Slow Down, You Move Too Fast Blog 3
(Stop Multitasking. Do One Thing At A Time To Improve Faster And Get Better Results–In Guitar, Running, And Maybe Anything)
I Turned 50 And Ran My Fastest Mile In 15 Years. Here’s How I Did It–And Why It Is Changing My Approach To Practicing Guitar!
Doing One Thing At A Time Can Help Make Us Healthier and Better Guitar Players (Or Anything)
(or How I ran my fastest mile in 15 years by running only once per week.)
I’ve dedicated my life to helping people play guitar better, and I’ve constantly asked questions like “How can students be more successful? How can the learning process be improved? How can people sustain their motivation until they can get the awesome feedback of making beautiful music?”
As a young guitarist, my personal answer to these questions was always the same.
Q: Any random question?
Dan: “Harder, faster, stronger.”
Playing for hours a day is a great way to become a better guitar player–no doubt! But as I grew older I realized that a lot of that time was misspent–I spent more time trying and sometimes failing to push through barriers than I did thinking about what those barriers really were; it took me several years to realize that I needed to spend money to get the best lessons I could; and I even managed to lock some bad habits into my body by practicing mistakes at high speed. And I also spent a lot of that time playing entire songs or blowing through complete scales at high speed, mistakes and all, instead of focusing on different aspects of playing. FInally, although I’m still proud I didn’t miss a day of practice for years at a time, now I realize that my body could have used a few rest days, too!
Wow–I really coulda used some coaching from my future self!
Over the years I’ve become a big believer in focused practicing, with ebbs and flows between performance, playing, practicing, and shredding. This belief in the power of Deliberate Practice underlies all the curriculum here at NYC Guitar School.
I recently had an incredible experience in a non-guitar arena–in running–and it really has me wondering how the lesson can apply to music, and to other arenas. Two years after a bad running injury, I ran my fastest mile in 15 years, all while running only once per week. That is not “harder, faster, stronger.” But it was “effective.”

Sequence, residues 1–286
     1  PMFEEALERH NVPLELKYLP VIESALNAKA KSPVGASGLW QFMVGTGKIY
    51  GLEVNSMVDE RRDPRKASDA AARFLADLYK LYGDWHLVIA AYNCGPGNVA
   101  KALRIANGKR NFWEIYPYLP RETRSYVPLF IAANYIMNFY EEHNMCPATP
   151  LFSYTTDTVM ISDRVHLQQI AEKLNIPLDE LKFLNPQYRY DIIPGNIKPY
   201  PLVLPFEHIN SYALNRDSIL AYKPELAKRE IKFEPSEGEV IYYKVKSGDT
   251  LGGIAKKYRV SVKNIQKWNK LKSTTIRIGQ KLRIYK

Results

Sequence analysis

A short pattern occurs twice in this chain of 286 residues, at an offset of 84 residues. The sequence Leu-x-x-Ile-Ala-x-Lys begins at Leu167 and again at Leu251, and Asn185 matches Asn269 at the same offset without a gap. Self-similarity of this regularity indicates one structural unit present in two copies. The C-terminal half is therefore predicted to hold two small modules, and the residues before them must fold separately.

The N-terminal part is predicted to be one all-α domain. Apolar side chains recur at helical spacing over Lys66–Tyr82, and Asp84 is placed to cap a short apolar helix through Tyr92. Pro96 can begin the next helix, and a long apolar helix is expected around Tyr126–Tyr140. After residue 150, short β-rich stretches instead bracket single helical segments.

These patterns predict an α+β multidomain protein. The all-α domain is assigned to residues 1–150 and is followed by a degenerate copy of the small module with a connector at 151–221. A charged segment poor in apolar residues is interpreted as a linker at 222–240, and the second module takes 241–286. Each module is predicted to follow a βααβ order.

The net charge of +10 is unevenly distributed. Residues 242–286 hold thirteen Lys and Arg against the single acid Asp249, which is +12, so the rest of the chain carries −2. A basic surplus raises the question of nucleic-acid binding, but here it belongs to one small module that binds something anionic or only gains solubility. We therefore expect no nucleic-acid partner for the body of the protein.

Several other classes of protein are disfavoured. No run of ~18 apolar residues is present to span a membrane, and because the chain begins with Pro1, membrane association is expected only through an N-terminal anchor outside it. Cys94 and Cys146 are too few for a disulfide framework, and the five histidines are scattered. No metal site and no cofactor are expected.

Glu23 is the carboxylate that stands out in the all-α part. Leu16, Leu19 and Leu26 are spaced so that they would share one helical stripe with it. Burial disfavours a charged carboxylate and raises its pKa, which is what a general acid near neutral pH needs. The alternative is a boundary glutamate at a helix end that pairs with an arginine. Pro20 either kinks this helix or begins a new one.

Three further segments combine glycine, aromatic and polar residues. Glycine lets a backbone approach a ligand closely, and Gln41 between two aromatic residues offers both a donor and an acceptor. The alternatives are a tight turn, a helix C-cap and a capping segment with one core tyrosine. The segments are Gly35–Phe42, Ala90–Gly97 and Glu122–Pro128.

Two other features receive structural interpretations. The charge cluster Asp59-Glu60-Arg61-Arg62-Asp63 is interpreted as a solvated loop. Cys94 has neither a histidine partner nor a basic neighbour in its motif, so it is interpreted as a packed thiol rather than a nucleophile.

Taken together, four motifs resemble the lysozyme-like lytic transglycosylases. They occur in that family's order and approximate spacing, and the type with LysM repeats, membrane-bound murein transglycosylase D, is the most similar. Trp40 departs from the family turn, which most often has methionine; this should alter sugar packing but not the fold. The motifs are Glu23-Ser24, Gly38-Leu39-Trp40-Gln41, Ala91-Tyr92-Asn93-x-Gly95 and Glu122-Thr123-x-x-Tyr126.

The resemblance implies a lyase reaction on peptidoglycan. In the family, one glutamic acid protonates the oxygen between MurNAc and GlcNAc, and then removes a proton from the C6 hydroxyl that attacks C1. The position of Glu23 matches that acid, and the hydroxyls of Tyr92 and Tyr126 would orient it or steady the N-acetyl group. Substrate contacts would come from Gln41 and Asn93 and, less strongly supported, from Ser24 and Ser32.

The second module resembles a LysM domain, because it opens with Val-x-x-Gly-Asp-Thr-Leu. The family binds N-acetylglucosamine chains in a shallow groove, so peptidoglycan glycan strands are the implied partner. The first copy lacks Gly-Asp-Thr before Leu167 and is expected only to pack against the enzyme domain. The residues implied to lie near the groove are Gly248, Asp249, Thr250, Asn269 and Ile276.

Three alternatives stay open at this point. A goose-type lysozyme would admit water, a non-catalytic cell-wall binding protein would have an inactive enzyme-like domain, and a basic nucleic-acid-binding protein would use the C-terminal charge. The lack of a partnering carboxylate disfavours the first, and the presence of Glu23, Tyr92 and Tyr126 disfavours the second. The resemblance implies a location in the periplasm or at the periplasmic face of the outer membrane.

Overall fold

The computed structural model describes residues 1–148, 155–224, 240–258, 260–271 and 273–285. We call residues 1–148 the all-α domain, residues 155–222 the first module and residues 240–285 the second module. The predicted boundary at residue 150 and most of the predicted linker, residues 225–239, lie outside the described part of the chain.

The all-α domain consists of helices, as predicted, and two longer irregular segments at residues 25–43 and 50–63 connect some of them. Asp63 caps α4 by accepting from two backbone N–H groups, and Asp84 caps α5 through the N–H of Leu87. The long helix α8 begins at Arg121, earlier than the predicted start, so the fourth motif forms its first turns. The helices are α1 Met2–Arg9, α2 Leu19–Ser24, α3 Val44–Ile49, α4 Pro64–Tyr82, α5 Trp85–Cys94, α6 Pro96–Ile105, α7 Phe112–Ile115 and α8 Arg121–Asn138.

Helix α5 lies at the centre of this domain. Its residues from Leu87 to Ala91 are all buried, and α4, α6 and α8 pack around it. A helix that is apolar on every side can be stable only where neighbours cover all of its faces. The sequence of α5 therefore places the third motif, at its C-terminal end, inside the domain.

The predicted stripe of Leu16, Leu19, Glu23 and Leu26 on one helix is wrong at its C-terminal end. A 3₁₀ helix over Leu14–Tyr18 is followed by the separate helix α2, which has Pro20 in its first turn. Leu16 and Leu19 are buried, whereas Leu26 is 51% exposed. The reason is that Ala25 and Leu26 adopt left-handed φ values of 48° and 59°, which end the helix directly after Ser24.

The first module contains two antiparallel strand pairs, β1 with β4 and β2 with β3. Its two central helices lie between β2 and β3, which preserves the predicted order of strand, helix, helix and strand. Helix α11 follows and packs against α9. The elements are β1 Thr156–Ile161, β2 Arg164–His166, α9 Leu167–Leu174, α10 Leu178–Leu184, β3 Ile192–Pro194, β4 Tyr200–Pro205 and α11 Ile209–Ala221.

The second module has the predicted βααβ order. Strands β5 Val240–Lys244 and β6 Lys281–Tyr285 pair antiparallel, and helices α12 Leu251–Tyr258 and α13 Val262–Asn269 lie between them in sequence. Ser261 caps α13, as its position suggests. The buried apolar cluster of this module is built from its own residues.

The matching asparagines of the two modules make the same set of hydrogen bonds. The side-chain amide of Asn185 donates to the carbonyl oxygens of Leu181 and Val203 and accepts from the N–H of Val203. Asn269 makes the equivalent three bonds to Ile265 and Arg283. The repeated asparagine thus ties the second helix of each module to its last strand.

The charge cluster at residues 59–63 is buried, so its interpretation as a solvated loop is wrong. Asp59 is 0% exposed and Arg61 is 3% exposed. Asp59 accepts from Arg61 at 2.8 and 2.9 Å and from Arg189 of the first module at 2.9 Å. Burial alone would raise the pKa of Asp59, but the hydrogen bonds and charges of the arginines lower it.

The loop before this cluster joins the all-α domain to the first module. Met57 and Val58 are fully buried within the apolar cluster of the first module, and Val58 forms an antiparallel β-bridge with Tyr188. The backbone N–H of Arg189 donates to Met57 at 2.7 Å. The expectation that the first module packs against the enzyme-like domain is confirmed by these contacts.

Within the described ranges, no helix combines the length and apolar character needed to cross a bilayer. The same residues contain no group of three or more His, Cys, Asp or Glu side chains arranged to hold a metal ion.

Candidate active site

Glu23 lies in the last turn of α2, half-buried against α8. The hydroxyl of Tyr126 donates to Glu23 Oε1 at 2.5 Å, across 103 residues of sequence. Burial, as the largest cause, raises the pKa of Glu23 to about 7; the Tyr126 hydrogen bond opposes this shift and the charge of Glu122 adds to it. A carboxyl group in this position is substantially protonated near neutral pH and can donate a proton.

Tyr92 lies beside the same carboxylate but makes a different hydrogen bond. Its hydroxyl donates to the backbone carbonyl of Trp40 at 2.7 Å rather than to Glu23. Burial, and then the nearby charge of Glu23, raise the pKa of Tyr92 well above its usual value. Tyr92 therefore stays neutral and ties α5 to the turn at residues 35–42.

As a younger guy, running was super important to me. I ran college track and cross country and multiple marathons, and I always felt a sense of joy and peace when I hit the roads or trails.
When I turned 40, I began a tradition of working on my speed each summer. Every summer I’d run a sub 6:00 mile–5:50, 5:55, something like that. I wasn’t setting any records, but it made me feel good to know that I was in good shape for a middle aged music teacher, and the yearly cycle of getting faster and then having a friend or child time me on the track was fun.
Then, at 48, I tore my achilles tendon, repeating a lifelong pattern of overtraining (yes, back to the old “harder, faster, stronger” strategy!).
The doctor was encouraging. “Listen,” he said, “after a couple years it is very probable that you’ll be able to run again. Well, jog. But never more than a few miles, and never fast.”
I was despondent. For almost a year, I couldn’t even walk for more than half a mile without a lot of pain. I realized that running far, or fast, just wasn’t important. The only important thing was to be healthy enough to go on walks with my kids, or do regular chores, and my new dream was to be able to hike Breakneck Ridge with my kids, like we’d done in past years. If only I had known then how lucky I was to be able to hike with them!
I did miss running, though, so after a year I made my first very tentative return to running–with two very important rules. First, I would only run once per week. And secondly, if I felt even a slight amount of unhealthy feeling tendon pain, I would stop for the day. My first jogs were incredibly slow–my wife and I would go out on the trail, I’d slowly jog for one or two minutes, and then she’d run off into the distance while I walked.
But I did begin to working out in other ways. I replaced my 15 minute morning subway rides from Grand Central to NYC Guitar School with a half hour walk–and after a couple of months I added another 30 minute walk back to the station after work. Then I started to bike 18 miles to work and back every Friday. I lifted weights twice a week. And since the doctor said that stretching was really important, I created a ritual of stretching after I brushed my teeth, so I got two stretching workouts in every day.
But I still actually only ran once a week!
And always, if I felt that I was re-injuring my tendon, I would stop for the day, whether that meant ending my jog, or taking the subway instead of walking.
I treasured my weekly run. Gradually I ran a half mile, then one, then two–but I decided not to run much more than that. Instead, about six months after my first little slow jog, I began to incorporate intervals into my workout–so I’d jog perhaps 2 miles, with one fast quarter mile, at a sub 10:00 mile pace.